TeeVee Awards 2000: Best Half-Hour Show
But in this terrible world, there are glimmers of hope -- new half-hour series that threaten to overtake the old standards and start a new age of comedy on network TV.
Frasier, already feeling a bit run-down last year, lapsed into a coma this past season and now lingers, waiting for the plug to be pulled. Friends came down with prostate cancer -- it's slow-growing and the show may die before the disease actually proves fatal, but it's a bad sign nonetheless. 3rd Rock from the Sun? We can't find the body, but we're thinking there are some signs of foul play.
But in the meantime, there are series at the top of their game. Everybody Loves Raymond, a favorite around the TeeVee compound, put in another solid year -- and nobody's more surprised than we are that there's a sitcom on CBS that we admire. The last time that happened, we were laughing at characters named B.J. and Hawkeye. That '70s Show proved that Fox can do a live-action sitcom with equal measures of sweetness and sly humor, rather than the usual formula of crass, classless humor. Sports Night put in one last, fitful year, a brilliant and brilliantly flawed masterpiece crumbling under the strain of its creative force, Aaron Sorkin.
Then there was the longest-running comedy on the air, The Simpsons, which continues to impress a decade after its debut. Sure, the show goes through waves of quality followed by waves of mediocrity -- this season was on the mediocre side, but only because the show has set the bar so high -- but in the end, when you consider just how much comedy Matt Groening's creations have given to us, you've got to stand in awe. Many of us can not hold a conversation for more than 10 minutes without making at least one reference to The Simpsons. Forget your Seinfeld, your Cheers, and all the rest. The king of comedy in this corner of mankind's history is, without a doubt, The Simpsons.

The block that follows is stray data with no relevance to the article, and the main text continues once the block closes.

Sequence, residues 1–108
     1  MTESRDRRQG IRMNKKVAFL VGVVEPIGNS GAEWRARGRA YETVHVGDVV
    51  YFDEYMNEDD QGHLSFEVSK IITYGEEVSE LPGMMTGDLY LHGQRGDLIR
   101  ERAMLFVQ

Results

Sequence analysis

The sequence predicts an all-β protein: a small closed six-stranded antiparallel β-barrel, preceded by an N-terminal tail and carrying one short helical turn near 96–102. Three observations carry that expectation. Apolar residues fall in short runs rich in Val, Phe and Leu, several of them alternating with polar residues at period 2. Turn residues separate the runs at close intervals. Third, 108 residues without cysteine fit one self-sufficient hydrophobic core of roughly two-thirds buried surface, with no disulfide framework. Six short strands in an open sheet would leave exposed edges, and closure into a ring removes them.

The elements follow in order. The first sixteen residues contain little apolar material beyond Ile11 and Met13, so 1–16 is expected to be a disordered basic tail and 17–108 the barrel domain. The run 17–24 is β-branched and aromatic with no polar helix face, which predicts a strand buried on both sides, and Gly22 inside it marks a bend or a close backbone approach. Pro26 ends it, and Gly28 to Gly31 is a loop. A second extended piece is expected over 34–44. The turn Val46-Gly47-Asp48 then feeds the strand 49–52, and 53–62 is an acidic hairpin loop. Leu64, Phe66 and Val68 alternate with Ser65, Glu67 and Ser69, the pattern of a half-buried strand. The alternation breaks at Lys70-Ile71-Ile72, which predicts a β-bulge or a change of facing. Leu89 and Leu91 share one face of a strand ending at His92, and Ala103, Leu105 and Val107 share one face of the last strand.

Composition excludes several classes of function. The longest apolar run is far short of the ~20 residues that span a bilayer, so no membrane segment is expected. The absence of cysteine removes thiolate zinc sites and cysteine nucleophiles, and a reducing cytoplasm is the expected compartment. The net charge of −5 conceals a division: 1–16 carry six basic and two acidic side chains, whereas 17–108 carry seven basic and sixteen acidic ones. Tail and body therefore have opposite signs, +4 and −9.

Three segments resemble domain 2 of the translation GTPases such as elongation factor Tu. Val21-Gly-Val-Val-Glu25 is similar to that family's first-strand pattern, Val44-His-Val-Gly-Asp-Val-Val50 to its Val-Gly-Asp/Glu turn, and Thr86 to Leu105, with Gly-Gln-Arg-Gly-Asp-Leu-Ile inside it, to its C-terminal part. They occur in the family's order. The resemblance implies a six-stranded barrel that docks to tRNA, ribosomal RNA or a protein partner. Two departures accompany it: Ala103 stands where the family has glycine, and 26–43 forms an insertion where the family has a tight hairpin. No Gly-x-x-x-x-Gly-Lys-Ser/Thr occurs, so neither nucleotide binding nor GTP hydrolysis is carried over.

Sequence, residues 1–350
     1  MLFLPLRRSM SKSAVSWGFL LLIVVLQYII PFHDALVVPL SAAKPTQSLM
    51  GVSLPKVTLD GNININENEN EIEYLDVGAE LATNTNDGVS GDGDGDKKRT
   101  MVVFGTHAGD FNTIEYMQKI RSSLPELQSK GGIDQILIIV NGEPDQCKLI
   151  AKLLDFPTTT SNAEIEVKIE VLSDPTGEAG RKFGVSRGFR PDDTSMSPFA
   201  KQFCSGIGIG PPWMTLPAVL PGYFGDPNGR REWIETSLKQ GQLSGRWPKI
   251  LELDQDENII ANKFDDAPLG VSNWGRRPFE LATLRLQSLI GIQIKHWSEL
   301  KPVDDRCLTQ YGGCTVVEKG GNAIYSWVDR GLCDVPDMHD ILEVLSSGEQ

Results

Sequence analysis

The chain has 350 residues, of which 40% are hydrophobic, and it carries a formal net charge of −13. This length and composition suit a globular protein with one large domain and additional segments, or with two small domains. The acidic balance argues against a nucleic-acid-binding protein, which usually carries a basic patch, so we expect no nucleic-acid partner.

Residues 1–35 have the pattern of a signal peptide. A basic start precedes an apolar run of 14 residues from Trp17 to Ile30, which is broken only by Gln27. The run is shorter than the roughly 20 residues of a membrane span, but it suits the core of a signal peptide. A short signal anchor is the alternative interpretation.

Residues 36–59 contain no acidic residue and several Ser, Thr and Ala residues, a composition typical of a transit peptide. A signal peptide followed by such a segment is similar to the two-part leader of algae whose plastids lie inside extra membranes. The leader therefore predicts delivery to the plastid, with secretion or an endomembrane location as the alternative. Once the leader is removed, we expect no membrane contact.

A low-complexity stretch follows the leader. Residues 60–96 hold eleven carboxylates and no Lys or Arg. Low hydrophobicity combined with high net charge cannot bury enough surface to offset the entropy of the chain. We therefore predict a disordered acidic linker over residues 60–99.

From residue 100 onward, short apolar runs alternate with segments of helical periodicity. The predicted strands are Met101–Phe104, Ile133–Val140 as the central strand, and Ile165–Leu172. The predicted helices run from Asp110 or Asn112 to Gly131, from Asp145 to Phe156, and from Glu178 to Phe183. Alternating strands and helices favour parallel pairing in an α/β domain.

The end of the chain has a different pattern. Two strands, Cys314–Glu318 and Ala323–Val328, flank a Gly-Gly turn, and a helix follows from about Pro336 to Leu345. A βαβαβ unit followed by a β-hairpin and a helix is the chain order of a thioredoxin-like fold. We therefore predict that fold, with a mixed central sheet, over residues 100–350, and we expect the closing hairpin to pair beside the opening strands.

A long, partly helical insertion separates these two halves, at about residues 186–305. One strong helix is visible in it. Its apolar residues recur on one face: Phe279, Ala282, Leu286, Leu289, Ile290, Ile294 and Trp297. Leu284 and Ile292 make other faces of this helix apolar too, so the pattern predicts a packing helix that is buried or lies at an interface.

And yet this year, The Simpsons was outclassed by its cousin. In its second year, the Groening-created cartoon Futurama got running on all cylinders. With new areas of comedy to explore -- plumbing science fiction clichés, toying with how we view history, and generally being even less rooted in reality than The Simpsons, Futurama has done its creator proud.
Futurama is populated by a great collection of lead characters: the lovably misanthropic robot Bender is a favorite. But let's not forget the growth of several hilarious members of the supporting cast, including a peculiar lobster alien named Dr. Zoidberg. And we'd be remiss without referring to the best one-two punch in space exploration since Kirk and Spock, namely incompetent boob space captain Zapp Brannigan and his perpetually fed-up sidekick, Kif.
Featuring sight gags galore, solid premises, an endless stream of creative (and silly) plot ideas, and a shocking grasp of the lore (and the foibles) of sci-fi, Futurama knocked us dead this year. And that's why it earns half of our Best Half-hour Series Award.
The other half of the award goes to the best new half-hour of the year... a show that was clearly among the best on television after it had only aired a handful of episodes. Why the Fox network chose to wait nearly half a season before finally airing the first installment of Malcolm in the Middle is beyond us, but at least they finally got it on the air -- and the audience responded to the quality they found there.
The story of a strangely functional dysfunctional family, Malcolm is three different (but equally brilliant) sitcoms in one. It's a show about three young boys growing up together, with genius Malcolm in the middle between Reese ("This will send a signal to our enemies," he tells an incredulous Malcolm) and Dewey (whose behavior is explained to us by allowing us to see the world, briefly, though the eyes of a young child). It's about the parents in the house -- the hairy-backed, roller-skatin', easygoing dad (Bryan Cranston) and the tough, loud, don't-take-any-crap mom (Jane Kaczmarek, who took home this year's TeeVee award for Best Actress in a Half-hour Series). And it's a show about the oldest brother, who's been shipped off to a bizarre military school run by a one-armed, one-eyed, one-legged veteran who has never seen any actual combat.
With no laugh track and shot with one camera (as opposed to the flat, phony effect you get when you shoot a sitcom on a stage with a bunch of different cameras rolling simultaneously), Malcolm is exactly what we look for in a half-hour show. It's a unique vision, it doesn't insult our intelligence, and it's genuinely funny. Frankie Muniz puts himself in the running for all-time best kid actor as Malcolm, and we've already sung the praises of Jane Kaczmarek.
Last year at this time, it looked like the sitcom was dead. But with Fox's two successes on Sunday night, we'd say that the genre has been revived again. But don't worry, Malcolm and Futurama -- we won't blame you for the avalanche of lousy sitcoms that's heading our way. This year, you reign supreme.
Additional contributions to this article by: Jason Snell.
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